Twelve years ago, Barack Obama introduced himself to America as just a skinny kid with a funny name. He made his story into the American story—a tale of immigrant hopes, of opportunities, of success that could only come true in the United States. That speech launched him to the presidency.

In Philadelphia on Wednesday night, as he tried to anoint his successor and secure his legacy, he returned to his biography to close his appeal. But this time, he pulled out a different strand of the story. He spoke not just of his grandparents in Kansas, whose stories he has told many times before, but of their kin and communities, of their vision and values. They were, he said:

Scotch-Irish mostly, farmers, teachers, ranch hands, pharmacists, oil-rig workers. Hardy, small-town folk. Some were Democrats, but a lot of them, maybe even most of them, were Republicans—Party of Lincoln. My grandparents explained that the folks in these parts, they didn’t like show-offs. They didn’t admire braggarts or bullies. They didn’t respect mean-spiritedness, or folks who were always looking for shortcuts in life. Instead, what they valued were traits like honesty and hard work. Kindness; courtesy; humility; responsibility; helping each other out. That’s what they believed in. True things. Things that last. The things we try to teach our kids.

It’s a different kind of American story. Not the son of a Kenyan goatherd rising directly to the highest office in the land, but working families toiling for generation after generation with quiet pride, relying on each other…

Read the entire article here.

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President Obama and the Long March

Posted in Articles, Barack Obama, Media Archive, Politics/Public Policy, United States on 2016-07-29 00:59Z by Steven

President Obama and the Long March

The New York Times
2016-07-28

The Editorial Board

President Obama’s speech before the Democratic convention in Philadelphia Wednesday night was, of course, an occasion to celebrate the candidacy of Hillary Clinton, his former secretary of state and the first woman to receive the presidential nomination of a major political party.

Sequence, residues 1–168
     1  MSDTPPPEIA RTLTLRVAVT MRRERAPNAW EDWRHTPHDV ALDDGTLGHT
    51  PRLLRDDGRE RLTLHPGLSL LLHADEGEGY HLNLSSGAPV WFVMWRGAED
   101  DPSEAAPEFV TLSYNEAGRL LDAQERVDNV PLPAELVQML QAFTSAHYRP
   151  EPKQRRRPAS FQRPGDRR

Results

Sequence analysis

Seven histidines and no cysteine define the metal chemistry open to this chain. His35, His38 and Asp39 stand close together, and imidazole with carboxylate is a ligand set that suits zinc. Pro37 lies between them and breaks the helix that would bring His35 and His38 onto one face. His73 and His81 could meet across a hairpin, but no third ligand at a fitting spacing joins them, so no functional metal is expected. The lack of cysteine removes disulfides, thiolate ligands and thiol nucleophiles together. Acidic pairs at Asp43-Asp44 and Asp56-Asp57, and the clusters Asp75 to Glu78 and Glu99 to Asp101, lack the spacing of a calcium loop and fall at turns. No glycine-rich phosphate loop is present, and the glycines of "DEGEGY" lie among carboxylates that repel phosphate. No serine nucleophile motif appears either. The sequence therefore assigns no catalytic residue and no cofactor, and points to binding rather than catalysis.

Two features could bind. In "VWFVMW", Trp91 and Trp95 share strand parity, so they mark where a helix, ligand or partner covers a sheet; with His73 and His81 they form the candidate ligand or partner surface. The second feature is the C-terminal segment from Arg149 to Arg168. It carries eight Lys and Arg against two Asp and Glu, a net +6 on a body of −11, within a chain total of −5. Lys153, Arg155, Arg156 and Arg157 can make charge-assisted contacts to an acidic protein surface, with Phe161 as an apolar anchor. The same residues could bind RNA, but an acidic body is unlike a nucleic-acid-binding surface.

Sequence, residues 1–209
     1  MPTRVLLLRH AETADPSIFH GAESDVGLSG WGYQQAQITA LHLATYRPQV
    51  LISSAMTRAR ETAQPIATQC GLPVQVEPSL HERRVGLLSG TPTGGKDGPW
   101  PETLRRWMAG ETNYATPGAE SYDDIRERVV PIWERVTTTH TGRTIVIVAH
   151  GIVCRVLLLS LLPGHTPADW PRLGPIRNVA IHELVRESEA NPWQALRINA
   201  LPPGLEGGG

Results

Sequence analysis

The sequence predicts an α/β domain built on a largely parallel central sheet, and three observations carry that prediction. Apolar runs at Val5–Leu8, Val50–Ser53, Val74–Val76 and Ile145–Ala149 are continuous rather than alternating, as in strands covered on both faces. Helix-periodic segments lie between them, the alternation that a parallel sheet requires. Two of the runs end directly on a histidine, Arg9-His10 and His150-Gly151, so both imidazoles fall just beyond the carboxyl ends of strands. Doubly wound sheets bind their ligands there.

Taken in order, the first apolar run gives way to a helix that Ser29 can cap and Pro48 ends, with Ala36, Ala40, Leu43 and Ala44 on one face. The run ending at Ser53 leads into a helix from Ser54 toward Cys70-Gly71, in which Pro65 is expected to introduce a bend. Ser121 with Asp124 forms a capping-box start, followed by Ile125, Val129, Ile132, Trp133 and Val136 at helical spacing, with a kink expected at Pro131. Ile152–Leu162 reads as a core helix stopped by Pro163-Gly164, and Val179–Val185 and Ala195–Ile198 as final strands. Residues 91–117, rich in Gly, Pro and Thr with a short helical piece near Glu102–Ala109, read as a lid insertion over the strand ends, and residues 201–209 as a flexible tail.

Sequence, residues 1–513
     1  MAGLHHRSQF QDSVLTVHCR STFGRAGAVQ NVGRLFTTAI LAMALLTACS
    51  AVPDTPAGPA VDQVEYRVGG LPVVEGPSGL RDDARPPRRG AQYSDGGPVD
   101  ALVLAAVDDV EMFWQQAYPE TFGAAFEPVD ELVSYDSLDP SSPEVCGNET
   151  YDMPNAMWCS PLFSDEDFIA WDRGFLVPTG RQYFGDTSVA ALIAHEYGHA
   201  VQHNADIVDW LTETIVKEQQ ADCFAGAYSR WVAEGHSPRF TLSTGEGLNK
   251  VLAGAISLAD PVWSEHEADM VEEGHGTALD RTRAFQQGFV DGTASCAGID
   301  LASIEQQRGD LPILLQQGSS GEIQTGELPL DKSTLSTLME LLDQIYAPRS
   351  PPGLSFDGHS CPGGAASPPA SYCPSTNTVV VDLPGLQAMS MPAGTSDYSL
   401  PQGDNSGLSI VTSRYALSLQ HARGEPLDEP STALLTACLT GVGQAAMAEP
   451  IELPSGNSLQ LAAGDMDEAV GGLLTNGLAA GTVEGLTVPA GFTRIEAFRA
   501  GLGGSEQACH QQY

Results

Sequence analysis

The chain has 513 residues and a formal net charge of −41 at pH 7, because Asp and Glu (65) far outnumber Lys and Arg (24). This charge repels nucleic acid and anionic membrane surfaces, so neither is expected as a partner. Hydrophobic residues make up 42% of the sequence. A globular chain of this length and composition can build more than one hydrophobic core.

His presence on the podium was also a valedictory for an exceptional man and president who will be remembered for eloquently defending the founding precepts of the country — even as he used those precepts to expand the mandate of inclusiveness and broaden the definition of what it means to be an American.

From that standpoint, the Obama presidency has been transformative — perhaps even miraculous. But the very idea of a black man in the White House was too much to bear for white supremacists, birthers and the antigovernment militia groups that have only grown more savage over time. The Republican nominee, Donald Trump, traded openly on these impulses, amping up the racism, xenophobia and religious bigotry that have poisoned public discourse in this nation.

Wednesday night’s beautiful and emotional speech came 12 years after Mr. Obama, then a Senate candidate from Illinois, delivered the keynote address at the Democratic convention in Boston that brought him into the national spotlight. As he did then, Mr. Obama laid out his personal history, the son of a black Kenyan and a white American, and sounded the theme that has been common to his orations ever since: that the progress of American history is toward the creation of one people — “out of many, one.”…

Read the entire article here.

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Hundreds of Irish march in solidarity with US Black Lives Matter (PHOTOS & VIDEO)

Posted in Articles, Europe, Media Archive, United States on 2016-07-29 00:48Z by Steven

Hundreds of Irish march in solidarity with US Black Lives Matter (PHOTOS & VIDEO)

Irish Central
New York, New York
2016-07-13